We are very comfortable with our solution to the backing plates / under deck reinforcement: replace the inadequate stainless steel plates that have 4 problems
- too small (so the load is not spread far enough which can cause the deck to crack or even complete failure)
- made of two layers that can move out of alignment (then they can bend and cause cracking or complete failure)
- no tie in to the hull (so the deck can pull away from the hull or crack or fail)
- potential for corrosion due to mixed metals (bronze chainplate bolt with stainless steel rigging and stainless steel backing plates).
Note that while there seems to be a common view that Rival yachts have rather under engineered chainplates I have not heard of any actual failures. [Update]I have heard of a few failures now, including another Rival 38 where a chainplate failed mid Atlantic, fortunately they did not lose the mast[End Update].But the boats are getting older and we have deck cracking around one chainplate.
Our solution with 10mm FR4 board attached with thickened epoxy and the the option of FR4 ties to the hull is going to be a much better solution and one that is ideally suited to DIY. However, we have some remaining problems.
First, the thickness of the deck that the chainplate bolts go through varies. The deck rests on a shelf that is attached to the hull, as it would have been laid up by hand the thickness of the deck and shelf varies. That means a few of the chainplate bolts are barely long enough. So even with the inadequate backing plate the bolt doesn’t extend all the way through the 2nd nut which is used as a lock nut. With a thicker backing plate bedded onto thickened epoxy to ensure even load distribution it might not be possible to fit a lock nut. Any replacement is going to be very expensive (custom bronze fixtures). If they were stainless steel we could replace the double nuts used to lock them on with a nyloc nut and reduce the length of thread needed, but I don’t think these are available for bronze nuts.
Secondly, we have a long term plan to replace all the stainless steel rigging with Dyneema synthetic rope. We wrote about this back in October 2019 “Starting to sort out sailing“. More and more people are doing this (for example 4 YouTube channels have documented this: Rigging Doctor, Tula’s endless summer [my playlist of their videos], Free Range Sailing, Sailing Zingaro).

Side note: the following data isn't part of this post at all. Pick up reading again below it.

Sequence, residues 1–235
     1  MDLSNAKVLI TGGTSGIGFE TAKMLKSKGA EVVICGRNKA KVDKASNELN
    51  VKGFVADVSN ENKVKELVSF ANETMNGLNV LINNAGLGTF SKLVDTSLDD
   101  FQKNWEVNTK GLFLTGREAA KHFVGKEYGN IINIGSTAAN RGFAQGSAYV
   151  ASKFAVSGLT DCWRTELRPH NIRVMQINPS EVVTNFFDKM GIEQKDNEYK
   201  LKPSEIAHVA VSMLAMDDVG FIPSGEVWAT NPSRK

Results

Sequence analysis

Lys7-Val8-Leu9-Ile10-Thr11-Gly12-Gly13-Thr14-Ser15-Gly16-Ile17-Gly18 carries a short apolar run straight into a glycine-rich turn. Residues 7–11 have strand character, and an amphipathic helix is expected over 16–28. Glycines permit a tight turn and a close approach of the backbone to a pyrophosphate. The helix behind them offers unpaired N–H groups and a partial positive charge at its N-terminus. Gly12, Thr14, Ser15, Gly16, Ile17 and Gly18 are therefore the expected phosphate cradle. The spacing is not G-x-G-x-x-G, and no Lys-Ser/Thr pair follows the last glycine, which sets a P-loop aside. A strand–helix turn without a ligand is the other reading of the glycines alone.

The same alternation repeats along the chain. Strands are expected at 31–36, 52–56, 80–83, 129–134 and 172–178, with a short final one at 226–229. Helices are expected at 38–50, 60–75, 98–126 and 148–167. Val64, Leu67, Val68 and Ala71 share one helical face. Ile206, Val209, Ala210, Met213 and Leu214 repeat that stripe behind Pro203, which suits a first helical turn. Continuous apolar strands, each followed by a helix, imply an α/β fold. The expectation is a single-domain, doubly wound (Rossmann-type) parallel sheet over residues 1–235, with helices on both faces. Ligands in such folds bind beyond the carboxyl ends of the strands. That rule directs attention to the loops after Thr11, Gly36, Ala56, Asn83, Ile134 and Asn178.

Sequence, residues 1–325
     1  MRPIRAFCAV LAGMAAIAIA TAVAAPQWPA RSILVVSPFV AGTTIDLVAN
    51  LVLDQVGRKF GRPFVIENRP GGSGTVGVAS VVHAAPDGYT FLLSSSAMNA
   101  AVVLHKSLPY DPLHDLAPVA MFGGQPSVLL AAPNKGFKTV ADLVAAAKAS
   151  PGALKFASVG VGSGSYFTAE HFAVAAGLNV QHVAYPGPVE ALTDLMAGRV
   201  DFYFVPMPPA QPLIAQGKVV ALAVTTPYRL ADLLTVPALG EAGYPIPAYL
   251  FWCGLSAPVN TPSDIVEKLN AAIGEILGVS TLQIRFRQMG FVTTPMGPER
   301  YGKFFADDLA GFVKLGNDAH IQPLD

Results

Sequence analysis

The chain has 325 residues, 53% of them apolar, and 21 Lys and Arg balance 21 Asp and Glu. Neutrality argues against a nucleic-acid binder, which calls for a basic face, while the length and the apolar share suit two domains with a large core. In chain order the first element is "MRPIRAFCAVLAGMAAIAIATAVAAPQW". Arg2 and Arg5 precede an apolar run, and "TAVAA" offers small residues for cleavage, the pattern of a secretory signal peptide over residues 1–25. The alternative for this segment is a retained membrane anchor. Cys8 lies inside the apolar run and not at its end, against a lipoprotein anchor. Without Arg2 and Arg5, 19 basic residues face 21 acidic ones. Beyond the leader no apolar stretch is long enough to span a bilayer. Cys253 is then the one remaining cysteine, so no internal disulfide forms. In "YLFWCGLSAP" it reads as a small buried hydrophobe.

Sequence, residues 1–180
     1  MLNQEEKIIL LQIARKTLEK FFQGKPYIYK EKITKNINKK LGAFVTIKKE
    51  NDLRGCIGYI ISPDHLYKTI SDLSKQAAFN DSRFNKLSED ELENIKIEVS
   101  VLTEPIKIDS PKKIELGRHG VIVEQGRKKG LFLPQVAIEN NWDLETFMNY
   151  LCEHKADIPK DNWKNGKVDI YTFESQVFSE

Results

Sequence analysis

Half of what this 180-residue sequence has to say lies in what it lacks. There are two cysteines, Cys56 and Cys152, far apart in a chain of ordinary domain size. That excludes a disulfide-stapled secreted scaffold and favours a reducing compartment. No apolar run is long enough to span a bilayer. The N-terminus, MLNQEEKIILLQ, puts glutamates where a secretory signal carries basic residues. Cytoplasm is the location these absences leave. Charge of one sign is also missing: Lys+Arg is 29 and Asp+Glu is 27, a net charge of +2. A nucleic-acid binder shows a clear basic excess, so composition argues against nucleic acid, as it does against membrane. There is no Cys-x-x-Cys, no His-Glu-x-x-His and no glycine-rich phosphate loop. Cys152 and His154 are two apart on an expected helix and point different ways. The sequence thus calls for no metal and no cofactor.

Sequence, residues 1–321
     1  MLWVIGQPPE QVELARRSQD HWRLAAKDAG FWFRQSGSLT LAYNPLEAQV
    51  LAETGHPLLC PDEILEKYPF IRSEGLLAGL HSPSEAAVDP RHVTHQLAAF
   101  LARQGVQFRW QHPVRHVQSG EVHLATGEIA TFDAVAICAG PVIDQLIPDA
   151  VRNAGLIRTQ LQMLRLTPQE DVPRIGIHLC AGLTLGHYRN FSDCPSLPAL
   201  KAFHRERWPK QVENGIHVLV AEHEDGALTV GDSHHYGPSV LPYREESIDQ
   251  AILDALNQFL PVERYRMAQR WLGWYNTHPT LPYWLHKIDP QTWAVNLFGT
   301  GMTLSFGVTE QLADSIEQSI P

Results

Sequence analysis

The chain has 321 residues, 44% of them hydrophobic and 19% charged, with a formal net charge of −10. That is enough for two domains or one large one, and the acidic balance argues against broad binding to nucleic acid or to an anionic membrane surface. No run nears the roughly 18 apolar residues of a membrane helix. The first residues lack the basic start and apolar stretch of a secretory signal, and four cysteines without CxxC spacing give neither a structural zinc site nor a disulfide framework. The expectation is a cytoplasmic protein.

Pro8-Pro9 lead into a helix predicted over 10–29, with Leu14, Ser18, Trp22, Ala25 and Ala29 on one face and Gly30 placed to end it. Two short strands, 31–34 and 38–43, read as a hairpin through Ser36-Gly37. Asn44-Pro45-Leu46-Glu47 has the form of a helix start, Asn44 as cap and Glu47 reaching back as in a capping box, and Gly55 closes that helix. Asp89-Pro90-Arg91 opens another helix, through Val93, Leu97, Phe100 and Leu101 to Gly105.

I’ll go through the dyneema rigging elsewhere, however, the relevant issue here is how to attach the dyneema to the chainplates.
[Update] I have written a lot about Dyneema standing rigging so I now have a guide to it all in: Dyneema / Synthetic Rigging Summary[End Update]
So far in the videos and reading we have done there are three options.
a) A toggle that allows a deadeye (see image below and how to make one by Rigging Doctor) to be attached via a clevis pin. We don’t have this sort of toggle (need Fork to Fork but we have Fork to Spade – examples of both here) at the moment (because of the style of rigging turnbuckle we have). This is the solution used by Rigging Doctor, Zinhgaro and some of Tula’s shrouds. However, none of them have bronze chainplates so there is no issue of mixed metals. So we have the expense of toggles, the risk of corrosion between dissimilar metals, and using a chainplate that has had 43 years of wear on the hole to which the toggle attaches. This solution is complex with so many different components (chainplate, toggle, deadeye, lashing to shroud) that have to be bought/made and fitted.
b) A Colligo marine female Chainplate distributor which Tula used on some of their shrouds. Again we have the cost of these (we would need 14 and the price ranges from over £60 each to hundreds depending on size).
c) A frictionless ring attached to the chainplate by lashing it to a shackle (see the Free Range Sailing video at 15 mins). This is a whole lot cheaper as it is just a shackle and a frictionless ring (so under £20 per shroud).
All 3 solutions don’t solve the dissimilar metals problem as all of them connect something not bronze to the bronze chainplate. All of them rely on there not being too much wear in the 43 year old hole in the bronze chainplate and they don’t help with the problem of the length of the chainplate threads.
But we have come up with a creative solution that is going to be much cheaper, lighter, easier to maintain and stronger. Wait for the next blog post 🙂
For reference here is a grainy image of how one of our chainplates looks on deck.
To attach the rigging turnbuckle (that is used to tension the stainless steel shroud/stay) a toggle is fitted like this. It provides articulation to handle the different alignments of the turnbuckle and chainplate.